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Theater: New Play Cock Not as Provocative as Title, Sad to Say

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COCK ** 1/2 out of ****
THE DUKE ON 42ND STREET

Do you want to see Cock? Did you like Cock? Is Cock worth paying for? If nothing else, the new play by Mike Bartlett (the acclaimed Earthquakes in London) provides some juvenile fun for theatergoers. Unfortunately, the play is not nearly as provocative as its title, a title it never comes close to needing or earning.

The story is a flip on an old tale. Instead of a man leaving his wife for another man, it's about John (Cory Michael Smith), a gay man in a long-term relationship who suddenly finds himself attracted to a woman for the very first time. John can't decide who to choose (or even who he is, really -- gay, straight, bi, committed, philandering?) and it all climaxes in a very awkward dinner party. John's boyfriend (Jason Butler Harner) believes John is going to tell the woman that it's all over. Nonetheless, the boyfriend invites his father (Cotter Smith) to join them for moral support. The woman (Amanda Quaid) naturally believes John is going to end it with his partner and announce his love for her. John dithers and they realize he has absolutely no idea what he wants or needs. Neither do we and, unfortunately, Bartlett's play never makes us care very much either way

It's a smoothly entertaining piece nonetheless, with director James Macdonald handling the showdowns between actors quite nicely. The scenic and costume design is by Miriam Buether, who has built a circular boxing ring, with seating in the round on raised platforms that let the audience sit in judgement or perhaps cheer on their favorite protagonist a la a sporting event. There are no props, with actors simply offering to take someone's coat or pour them a drink without actually bothering to do the deed. It keeps the focus squarely on the real action, the battle for John to figure out exactly what he wants.

The constant squaring off works nicely, with a seduction scene being a real highlight. John and the woman circle each other while verbally working their way towards coitus in a bit of gamesmanship that is sexy and amusing at the same time. (It helps that Smith and Quaid have the best chemistry.)

So what goes wrong? First, Harner gives a mannered performance, with all his lines delivered in quotes. He's always quoting "dialogue" instead of just speaking. That alone throws the play out of whack. If we don't like the boyfriend, we can't feel a great amount of tension about whether or not they stay together. Plus, it soon becomes clear that John is not happy in their relationship. He claims, at least, that his boyfriend is patronizing and makes him feel small and not terribly bright. Maybe none of this is true; maybe he's just besotted with the new. But John's indecisiveness is unappealing and he makes their relationship seem poor. So maybe he's not bisexual and maybe he's just using this woman as an excuse to fantasize about a happier life but if we don't think the boyfriend is worth being with we can't feel terribly much is at stake.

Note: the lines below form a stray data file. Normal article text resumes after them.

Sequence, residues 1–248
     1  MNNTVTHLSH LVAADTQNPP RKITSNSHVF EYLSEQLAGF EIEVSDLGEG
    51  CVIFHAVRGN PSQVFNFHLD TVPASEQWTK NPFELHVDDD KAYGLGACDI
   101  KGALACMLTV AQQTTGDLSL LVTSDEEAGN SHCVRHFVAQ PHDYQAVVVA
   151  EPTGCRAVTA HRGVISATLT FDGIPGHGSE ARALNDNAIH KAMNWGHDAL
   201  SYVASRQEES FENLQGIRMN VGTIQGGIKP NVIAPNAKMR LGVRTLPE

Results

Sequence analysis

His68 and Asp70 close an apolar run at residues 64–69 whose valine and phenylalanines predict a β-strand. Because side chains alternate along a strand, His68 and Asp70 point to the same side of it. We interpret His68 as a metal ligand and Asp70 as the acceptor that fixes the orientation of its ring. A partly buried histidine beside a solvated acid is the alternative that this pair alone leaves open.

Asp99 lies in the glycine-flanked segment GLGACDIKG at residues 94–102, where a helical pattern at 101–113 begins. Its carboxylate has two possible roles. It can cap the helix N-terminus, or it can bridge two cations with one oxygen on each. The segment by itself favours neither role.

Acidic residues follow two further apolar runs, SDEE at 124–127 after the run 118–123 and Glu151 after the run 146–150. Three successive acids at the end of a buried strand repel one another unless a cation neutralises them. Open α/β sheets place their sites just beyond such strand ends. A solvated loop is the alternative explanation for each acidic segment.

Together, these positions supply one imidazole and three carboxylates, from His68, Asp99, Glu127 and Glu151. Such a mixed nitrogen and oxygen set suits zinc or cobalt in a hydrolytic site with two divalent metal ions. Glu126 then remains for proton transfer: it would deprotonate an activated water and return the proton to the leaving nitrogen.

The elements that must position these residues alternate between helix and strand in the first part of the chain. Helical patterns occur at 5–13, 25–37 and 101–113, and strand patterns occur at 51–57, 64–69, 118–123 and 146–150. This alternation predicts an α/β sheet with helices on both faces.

Quaid gives the most convincing performance, though her big breakdown at the end doesn't quite deliver. Smith is better than his character, a frustrating fellow that doesn't know what he wants. Insecurity can be charming, at least that's what Albert Brooks wanted us to believe once upon a time. But indecision palls, even in a brisk 90 minute play. Smith does able supporting work as the loving and accepting father. It all deflates into a very unsatisfying resolution that leaves us pretty much where we started except for a would-be haunting last line that instead just annoys.

Then there's the title. If you introduce a gun in act one, by golly you better fire it off in act three. And if you call your play Cock, it better be a button-pushing bit of provocation that toys with gender and sexuality in ways both funny and shocking. We keep waiting, not unreasonably, for Cock's big moment, a soliloquy to sex, a panegyric to the penis, a colloquy on cock. And what do we get? Nothing. You walk out of the play without a clue as to why it's called what it's called.

I've heard good things about Bartlett and my discriminating guest says his play Earthquakes In London was much better. This comedy is certainly well-constructed and thanks to a generally fine cast (even the weakest performance isn't that bad) perfectly watchable. But when you show someone Cock, having them say "not bad" isn't just faint praise; it's positively deflating.

THE THEATER SEASON 2012-2013 (on a four star scale)

Cock ** 1/2

Thanks for reading. Michael Giltz is the cohost of Showbiz Sandbox, a weekly pop culture podcast that reveals the industry take on entertainment news of the day and features top journalists and opinion makers as guests. It's available for free on iTunes. Visit Michael Giltz at his website and his daily blog. Download his podcast of celebrity interviews and his radio show, also called Popsurfing and also available for free on iTunes. Link to him on Netflix and gain access to thousands of ratings and reviews.

Note: Michael Giltz is provided with free tickets to shows with the understanding that he will be writing a review.